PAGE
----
Death penalty reforms. Cheaper prescription drugs. Gambling options. And an unprecedented budget crisis. Lawmakers face a long might-do list heading into what they surely hope will be the last month of this legislative session.
In the next weeks, they’ll scramble through some 2,000 bills aimed at solving a range of perceived problems, many of them old familiars.
They could move to protect the rights of gays, track suspected racial profiling and permit handguns during open deer season. They could put restraints on the rising cost of a college education by limiting tuition increases and shake up the suburban tollway authority with tighter fiscal oversight.
They aren’t likely, though, to close the funding gap between the state’s rich and poor school districts by overhauling the way state education dollars are distributed or loosen Illinois’ enduring and corrosive bond between money and politics.
An expected showdown between business and labor doesn’t appear likely either. Four months ago we weighed whether, with Democrats in control of the governor’s mansion and the legislature for the first time in a quarter century, organized labor might flex some newfound muscle. While there’s still time for a dustup over significant differences, it appears labor will get a $1.35 bump in the minimum wage and businesses will pay higher taxes and fees and lose some exemptions.
Traditional tensions between workers and employers appear to have been subsumed in this first session of the new General Assembly by a more immediate need to close the state’s historic budget hole, which the new governor, Rod Blagojevich, has pegged at $5.2 billion through the fiscal year that begins July 1.
There’s much for lawmakers to chew on in Blagojevich’s first budget, including his plan to tap the road fund and sell state property. And they may want to rejigger his plan for elementary and secondary school spending. Though he called for a $250 boost in guaranteed per pupil spending, the governor’s proposal would eliminate new funding for other state-supported programs, including safety grants and dollars for gifted students. And lawmakers might reduce the size of cuts in higher education, which would have an impact on colleges and universities in their districts.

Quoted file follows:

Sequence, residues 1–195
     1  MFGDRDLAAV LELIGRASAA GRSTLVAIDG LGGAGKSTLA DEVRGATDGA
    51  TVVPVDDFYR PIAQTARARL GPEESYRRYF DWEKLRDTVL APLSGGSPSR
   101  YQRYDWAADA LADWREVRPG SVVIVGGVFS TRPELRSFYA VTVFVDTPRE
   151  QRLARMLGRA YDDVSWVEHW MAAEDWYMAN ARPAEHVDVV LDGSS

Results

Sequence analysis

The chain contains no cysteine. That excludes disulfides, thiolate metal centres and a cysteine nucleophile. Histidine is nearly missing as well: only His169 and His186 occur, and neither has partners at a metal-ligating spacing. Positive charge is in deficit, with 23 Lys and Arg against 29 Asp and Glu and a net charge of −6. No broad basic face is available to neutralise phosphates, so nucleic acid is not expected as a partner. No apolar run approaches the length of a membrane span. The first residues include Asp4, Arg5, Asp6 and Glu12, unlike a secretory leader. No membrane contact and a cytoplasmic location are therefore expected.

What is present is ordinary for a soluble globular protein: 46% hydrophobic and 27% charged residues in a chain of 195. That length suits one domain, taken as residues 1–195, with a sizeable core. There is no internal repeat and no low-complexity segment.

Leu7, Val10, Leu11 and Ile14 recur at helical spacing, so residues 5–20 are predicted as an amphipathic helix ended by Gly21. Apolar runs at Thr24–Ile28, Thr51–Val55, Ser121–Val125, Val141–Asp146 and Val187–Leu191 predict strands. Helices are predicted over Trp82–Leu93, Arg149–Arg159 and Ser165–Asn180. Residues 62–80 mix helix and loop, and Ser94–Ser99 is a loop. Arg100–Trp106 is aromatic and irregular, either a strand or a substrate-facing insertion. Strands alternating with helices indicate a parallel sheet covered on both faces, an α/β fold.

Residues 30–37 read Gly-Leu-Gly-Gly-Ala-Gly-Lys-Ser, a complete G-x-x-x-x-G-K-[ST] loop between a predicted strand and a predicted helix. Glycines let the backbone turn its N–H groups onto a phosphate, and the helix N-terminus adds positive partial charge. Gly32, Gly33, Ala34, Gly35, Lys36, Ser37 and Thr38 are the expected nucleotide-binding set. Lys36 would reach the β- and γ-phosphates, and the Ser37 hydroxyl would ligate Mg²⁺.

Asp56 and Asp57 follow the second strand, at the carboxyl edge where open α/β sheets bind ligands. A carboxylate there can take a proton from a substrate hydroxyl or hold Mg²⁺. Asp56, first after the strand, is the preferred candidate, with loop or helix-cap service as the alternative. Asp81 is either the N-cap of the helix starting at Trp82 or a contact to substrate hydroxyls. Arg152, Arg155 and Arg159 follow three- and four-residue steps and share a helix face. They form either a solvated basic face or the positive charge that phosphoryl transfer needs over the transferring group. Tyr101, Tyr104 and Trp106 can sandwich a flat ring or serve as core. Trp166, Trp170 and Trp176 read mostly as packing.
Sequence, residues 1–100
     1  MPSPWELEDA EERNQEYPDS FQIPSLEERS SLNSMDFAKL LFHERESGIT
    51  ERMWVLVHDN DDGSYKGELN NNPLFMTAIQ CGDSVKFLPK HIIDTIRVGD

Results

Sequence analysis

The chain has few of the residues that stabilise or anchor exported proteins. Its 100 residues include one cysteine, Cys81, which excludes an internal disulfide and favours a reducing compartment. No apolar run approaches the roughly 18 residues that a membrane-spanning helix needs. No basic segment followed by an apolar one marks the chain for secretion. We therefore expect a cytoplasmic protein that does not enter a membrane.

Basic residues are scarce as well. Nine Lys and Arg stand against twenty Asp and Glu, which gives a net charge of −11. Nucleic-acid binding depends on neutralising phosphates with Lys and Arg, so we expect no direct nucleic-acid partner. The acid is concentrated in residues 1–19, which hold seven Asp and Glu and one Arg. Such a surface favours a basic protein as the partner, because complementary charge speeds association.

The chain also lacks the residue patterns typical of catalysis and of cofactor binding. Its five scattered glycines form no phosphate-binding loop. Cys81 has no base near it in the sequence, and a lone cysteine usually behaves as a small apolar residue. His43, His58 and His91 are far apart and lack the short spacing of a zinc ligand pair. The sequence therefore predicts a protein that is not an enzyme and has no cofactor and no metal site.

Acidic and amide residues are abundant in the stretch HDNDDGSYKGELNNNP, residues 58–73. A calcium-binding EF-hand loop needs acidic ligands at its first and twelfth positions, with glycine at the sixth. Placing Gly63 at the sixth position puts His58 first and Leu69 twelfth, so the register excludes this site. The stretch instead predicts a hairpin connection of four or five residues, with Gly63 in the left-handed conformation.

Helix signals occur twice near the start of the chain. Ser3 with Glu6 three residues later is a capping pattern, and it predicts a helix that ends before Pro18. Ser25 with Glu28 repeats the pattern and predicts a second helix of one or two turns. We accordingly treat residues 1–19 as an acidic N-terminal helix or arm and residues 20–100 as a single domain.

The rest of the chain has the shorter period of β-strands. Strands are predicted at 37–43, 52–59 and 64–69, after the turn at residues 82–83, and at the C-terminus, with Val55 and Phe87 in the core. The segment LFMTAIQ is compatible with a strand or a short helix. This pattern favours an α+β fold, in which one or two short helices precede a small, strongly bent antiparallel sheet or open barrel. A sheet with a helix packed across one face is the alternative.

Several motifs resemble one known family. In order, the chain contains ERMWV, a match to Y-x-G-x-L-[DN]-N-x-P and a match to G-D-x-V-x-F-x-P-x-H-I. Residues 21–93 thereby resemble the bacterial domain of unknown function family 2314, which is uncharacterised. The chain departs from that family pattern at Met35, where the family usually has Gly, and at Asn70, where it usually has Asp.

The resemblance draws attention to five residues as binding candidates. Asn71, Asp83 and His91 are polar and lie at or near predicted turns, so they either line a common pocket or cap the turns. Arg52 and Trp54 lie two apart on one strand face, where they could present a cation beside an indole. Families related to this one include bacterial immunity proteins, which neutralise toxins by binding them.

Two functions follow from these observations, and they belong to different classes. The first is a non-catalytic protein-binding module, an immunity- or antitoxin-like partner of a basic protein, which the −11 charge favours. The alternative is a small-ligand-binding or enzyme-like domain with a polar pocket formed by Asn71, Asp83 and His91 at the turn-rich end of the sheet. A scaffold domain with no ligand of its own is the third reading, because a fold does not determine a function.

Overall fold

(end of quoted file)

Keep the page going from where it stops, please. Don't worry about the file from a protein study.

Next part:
But the governor’s proposal to generate new revenue from gambling boats already has generated the loudest noise — and the most paper. Within minutes of the governor’s address, casino lobbyists were faxing their disapproval to news outlets.
Blagojevich proposed boosting the boats’ top tax rate to 70 percent of adjusted gross receipts of $250 million or more, up from 50 percent. Gaming spokesmen argue the increase would hurt business. They’re pushing instead for an increase in the number of gambling positions, which they figure would mean more dollars for the state. And lawmakers could go along, though negotiations likely will be left to the last hours of budget deliberations.
As is the case in virtually every session, lawmakers might attempt a political bailout of sorts for themselves by creating a state-sponsored plan designed to curtail the cost of prescription drugs. Those costs have been rising, and seniors are hardest hit. Most vulnerable are individuals 65 and over who aren’t eligible for subsidies but can’t afford insurance coverage for their medicines. In Illinois that constitutes a third of the senior population.
Middle-class seniors also happen to be among the most active voters, and Illinois and other states are scrambling to find a way to meet their needs.
The plan working its way through the legislature yet again would establish state-sponsored discount cards for individuals who are 65 or older or are disabled. Under the plan, the state would negotiate discounts with drug companies that participate. Cardholders would pay a $25 annual fee, entitling them to lower prices. Set discounts would be offered on brand name and generic drugs, with deeper discounts coming after negotiations with the drug companies.
But the most controversial policy question lawmakers face could be what to do about the state’s death penalty. They’ve decided not to ban it, but they still face a number of proposals aimed at improving justice under that system. Among the provisions still on the table is one to give state Supreme Court justices authority to overturn a death sentence they find to be unjust. Lawmakers also could reduce the number of eligibility factors for the death sentence, put restrictions on the use of jailhouse snitches, curb uncorroborated eyewitness testimony and require videotaping or audiotaping of interrogations of murder suspects.
Lawmakers face an ambitious agenda, it’s true. But in a legislative session, a month is a long time.
Peggy Boyer Long can be reached at Peggyboy@aol.com.
Illinois Issues, May 2003